The offensive/spam flags in chat are shown to every moderator from a parent site (on chat.stackexchange.com that is every SE 2.0 moderator, more than 200 right now) and 10k chat users as well. This is potentially far more users than a flag on an SE site itself is shown to.

I don't think it is necessary to show the flag to so many users at once. This can lead to the impressive sight of an entire horde of moderators descending onto one chat room when some flagging is going on, but it often notifies far more people than necessary to act.

Another huge disadvantage of notifying so many users at once is that only the fastest users to act decide on the fate of the flag. If you read up on the context of the flagged message, odds are that by the time you're finished with that someone already validated or dismissed the flag. This leads to hasty decisions on those flags because the users that take their time won't get to decide on the flag.

I propose that the chat flags are first shown only to mods and users in the same chat room, if there are enough users present that the flag could be acted on (so either one moderator or six 10k+ users). If they don't act after a short while or not enough privileged users are present in the room, the flag should be escalated to the mods and users of the parent site. If those users don't act on the flag, it be shown to all moderators and users on Chat.SE.

The exact delay should be just long enough to allow present and active users to handle the flag. Given the high speed that flags are currently handled in many cases, 30-60 seconds might be enough. Though looking at some hard data on flag handling times might be a better way to come up with a useful length.

It might also be useful to increase the number of users that see the flag incrementally even at the stage where all 10k users and moderators are notified. You don't need all of them, and the wide exposure has negative aspects as well.

The advantages would be:

  • Not bothering users that are not needed to come to a quick decision
  • Allows local differences in chat culture to be policed more consistently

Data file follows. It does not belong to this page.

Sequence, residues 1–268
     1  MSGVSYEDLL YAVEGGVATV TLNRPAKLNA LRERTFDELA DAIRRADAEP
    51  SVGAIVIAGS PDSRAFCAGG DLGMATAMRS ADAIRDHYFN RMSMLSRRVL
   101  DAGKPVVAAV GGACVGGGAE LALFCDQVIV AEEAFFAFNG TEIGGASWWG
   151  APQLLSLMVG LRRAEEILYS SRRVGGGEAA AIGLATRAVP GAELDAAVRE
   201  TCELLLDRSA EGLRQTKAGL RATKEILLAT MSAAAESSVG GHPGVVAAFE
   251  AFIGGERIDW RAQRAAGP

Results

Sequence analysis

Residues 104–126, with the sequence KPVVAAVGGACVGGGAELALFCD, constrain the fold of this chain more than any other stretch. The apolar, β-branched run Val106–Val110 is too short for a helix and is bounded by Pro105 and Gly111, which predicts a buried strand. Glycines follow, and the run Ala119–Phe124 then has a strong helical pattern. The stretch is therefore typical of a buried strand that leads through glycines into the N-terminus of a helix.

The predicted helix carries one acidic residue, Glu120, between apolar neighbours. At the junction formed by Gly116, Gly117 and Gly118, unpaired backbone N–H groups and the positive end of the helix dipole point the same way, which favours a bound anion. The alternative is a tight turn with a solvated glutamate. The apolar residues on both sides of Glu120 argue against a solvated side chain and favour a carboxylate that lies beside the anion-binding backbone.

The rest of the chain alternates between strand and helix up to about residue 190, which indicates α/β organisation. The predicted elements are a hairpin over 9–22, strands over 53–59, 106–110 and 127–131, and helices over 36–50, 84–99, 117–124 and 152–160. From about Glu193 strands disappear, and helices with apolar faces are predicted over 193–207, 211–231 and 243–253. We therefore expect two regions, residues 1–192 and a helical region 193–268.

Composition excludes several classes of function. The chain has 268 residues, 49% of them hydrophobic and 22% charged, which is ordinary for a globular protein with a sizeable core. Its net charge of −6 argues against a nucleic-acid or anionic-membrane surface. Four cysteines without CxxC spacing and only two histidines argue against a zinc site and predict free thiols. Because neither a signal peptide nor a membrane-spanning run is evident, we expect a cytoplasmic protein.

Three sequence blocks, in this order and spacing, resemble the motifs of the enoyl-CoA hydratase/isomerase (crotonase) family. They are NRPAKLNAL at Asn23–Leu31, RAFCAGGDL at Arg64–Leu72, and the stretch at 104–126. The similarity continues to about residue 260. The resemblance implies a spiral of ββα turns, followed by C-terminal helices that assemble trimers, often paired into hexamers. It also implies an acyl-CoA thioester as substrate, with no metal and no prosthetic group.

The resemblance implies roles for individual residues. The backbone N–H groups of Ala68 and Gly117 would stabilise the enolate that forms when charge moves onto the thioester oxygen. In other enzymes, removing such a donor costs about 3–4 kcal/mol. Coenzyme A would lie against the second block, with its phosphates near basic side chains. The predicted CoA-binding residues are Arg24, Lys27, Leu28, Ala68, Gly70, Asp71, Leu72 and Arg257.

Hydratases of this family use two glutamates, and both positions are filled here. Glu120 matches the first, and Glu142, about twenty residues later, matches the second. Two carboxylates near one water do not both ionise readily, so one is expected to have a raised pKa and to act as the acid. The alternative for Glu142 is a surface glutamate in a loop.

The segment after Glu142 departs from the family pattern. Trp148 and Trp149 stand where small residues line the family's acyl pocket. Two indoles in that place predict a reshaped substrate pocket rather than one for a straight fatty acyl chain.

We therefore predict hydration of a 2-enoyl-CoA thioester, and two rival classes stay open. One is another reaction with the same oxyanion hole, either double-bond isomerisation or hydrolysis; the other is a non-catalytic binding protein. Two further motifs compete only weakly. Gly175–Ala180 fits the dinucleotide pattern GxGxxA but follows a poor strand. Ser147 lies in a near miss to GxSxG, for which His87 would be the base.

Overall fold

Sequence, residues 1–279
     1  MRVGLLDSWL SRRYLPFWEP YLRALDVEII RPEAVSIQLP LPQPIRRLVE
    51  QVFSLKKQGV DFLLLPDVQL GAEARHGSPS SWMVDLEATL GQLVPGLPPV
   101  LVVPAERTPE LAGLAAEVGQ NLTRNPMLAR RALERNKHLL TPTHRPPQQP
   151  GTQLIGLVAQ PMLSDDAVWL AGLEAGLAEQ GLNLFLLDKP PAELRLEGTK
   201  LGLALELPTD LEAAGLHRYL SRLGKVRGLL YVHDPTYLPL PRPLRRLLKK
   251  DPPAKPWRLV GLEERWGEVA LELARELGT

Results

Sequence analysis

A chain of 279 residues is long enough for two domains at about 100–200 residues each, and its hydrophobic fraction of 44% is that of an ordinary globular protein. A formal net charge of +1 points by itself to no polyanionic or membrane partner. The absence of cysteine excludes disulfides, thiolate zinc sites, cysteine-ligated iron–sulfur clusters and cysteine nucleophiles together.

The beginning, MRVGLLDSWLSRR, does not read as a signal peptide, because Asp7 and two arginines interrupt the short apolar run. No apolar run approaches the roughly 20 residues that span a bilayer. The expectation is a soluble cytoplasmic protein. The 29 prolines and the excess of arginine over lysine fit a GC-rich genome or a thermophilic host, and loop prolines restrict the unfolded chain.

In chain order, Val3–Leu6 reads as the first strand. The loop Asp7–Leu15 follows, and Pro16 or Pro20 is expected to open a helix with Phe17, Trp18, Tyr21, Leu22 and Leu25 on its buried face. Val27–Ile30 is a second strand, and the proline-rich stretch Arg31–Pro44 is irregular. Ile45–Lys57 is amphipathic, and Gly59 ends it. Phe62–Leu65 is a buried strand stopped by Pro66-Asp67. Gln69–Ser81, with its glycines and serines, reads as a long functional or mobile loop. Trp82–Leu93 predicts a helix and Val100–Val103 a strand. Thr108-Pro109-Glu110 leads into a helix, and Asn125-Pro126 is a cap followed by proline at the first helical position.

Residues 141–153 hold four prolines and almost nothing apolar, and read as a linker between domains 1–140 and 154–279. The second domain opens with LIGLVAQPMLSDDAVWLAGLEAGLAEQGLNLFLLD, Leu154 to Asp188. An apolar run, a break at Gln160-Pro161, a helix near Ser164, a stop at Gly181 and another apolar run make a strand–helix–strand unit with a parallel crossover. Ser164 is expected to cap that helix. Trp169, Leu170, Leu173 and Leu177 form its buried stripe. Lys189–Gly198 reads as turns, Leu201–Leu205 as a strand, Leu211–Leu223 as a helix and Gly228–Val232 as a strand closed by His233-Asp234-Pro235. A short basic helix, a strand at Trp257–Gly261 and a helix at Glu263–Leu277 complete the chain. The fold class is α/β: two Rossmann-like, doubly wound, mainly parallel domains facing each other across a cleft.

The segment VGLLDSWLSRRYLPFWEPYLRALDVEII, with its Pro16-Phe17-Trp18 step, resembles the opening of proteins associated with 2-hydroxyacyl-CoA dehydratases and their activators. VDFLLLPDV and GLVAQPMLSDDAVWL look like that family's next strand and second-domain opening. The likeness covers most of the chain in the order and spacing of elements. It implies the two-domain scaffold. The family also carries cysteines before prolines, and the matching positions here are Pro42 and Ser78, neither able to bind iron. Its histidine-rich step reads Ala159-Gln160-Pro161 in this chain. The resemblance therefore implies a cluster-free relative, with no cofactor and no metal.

• Higher chance of showing the flag to users that already know the context

But there is also a danger to this, if flags are handled locally and nobody outside the room can see them, the potential for abuse is much higher. This could allow a chat room to develop a very hostile culture, and just flag away anyone that complains, or just dismiss valid flags.

There should be an obvious way for a user to involve moderators from outside the chat room. This could be the "flag for a moderator" option, they would remain global by default and ignore the escalation system. That would also need some UI work as this option is currently rather well hidden and I suspect that many chat users don't even know that there are two types of flags. I've posted my ideas about this in a different feature request

  • 1
    One thing about this: it would need to make sure the person is actually there. A lot of people are forever on chat, but AFK a lot.
    – John
    Commented Dec 15, 2011 at 20:28
  • 14
    @Bob That's why there should also be a timed escalation, if nobody checks the flag after 5 minutes it's just escalated to the broader range of users and mods. Determining if someone is really unavailable, or just has the chat in a tab open and is ready to act is probably impossible. Commented Dec 15, 2011 at 20:31
  • Good point. And I guess it wouldn't matter much if it sits there for five minutes anyway considering no one sees it.
    – John
    Commented Dec 15, 2011 at 20:33
  • linked to: meta.stackexchange.com/questions/112691/…
    – Rob Moir
    Commented Mar 1, 2012 at 12:23
  • 6
    But some of us enjoy mod parties ...
    – C. Ross
    Commented Apr 17, 2013 at 15:32

4 Answers 4


I'm definitely in favor of this. Always have been, but particularly after today's chatpocalypse on SF.

Two caveats/enhancements I'd like to suggest:

  1. A high-rep user whose post is flagged should not be able to act on their own flags.
    (I'd be surprised if this wasn't already part of the system)
  2. When a post is flagged it should get a visible flag in the chat.
    (Something to notify people that - hey - this got flagged. Someone was upset by it. This will go a long way toward peer/community enforcement by simply raising awareness of flags.)

Edited to add a third enhancement: Make it a three-tiered escalation system:

  • Immediately to all the 10ks for the room's site
    • 5 minutes: All the 10Ks online.
    • 10 minutes: All the mods and 10Ks online

Swap roles above as seems sensible, maybe to blues first and then all 10Ks if they're too busy.
Honestly if a flag hangs around more than 5 minutes (and there are users around) it's probably really questionable.

  • 3
    Both are already implemented, you can't invalidate flags against your own posts and there's a blue mark to the right of flagged messages in chat. Commented Dec 15, 2011 at 21:37
  • 1
    @voretaq if you look at my screenshot it's missing decline and approve buttons. Even mods can't act on their own flags! Also, as Fabian says, you can just about see the red indicator in the bottom left.
    – user142852
    Commented Dec 15, 2011 at 21:40
  • @Fabian: Is that blue marker visible to the poster? Commented Dec 15, 2011 at 21:42
  • @TiZon Not sure, I haven't had any of my posts flagged yet. Commented Dec 15, 2011 at 21:43
  • @fabian AFAIK I've never been flagged, I do vaguely recall the blue marker though from responding to other flags -- as long as it's visible to everyone (including the poster) I'm happy :-).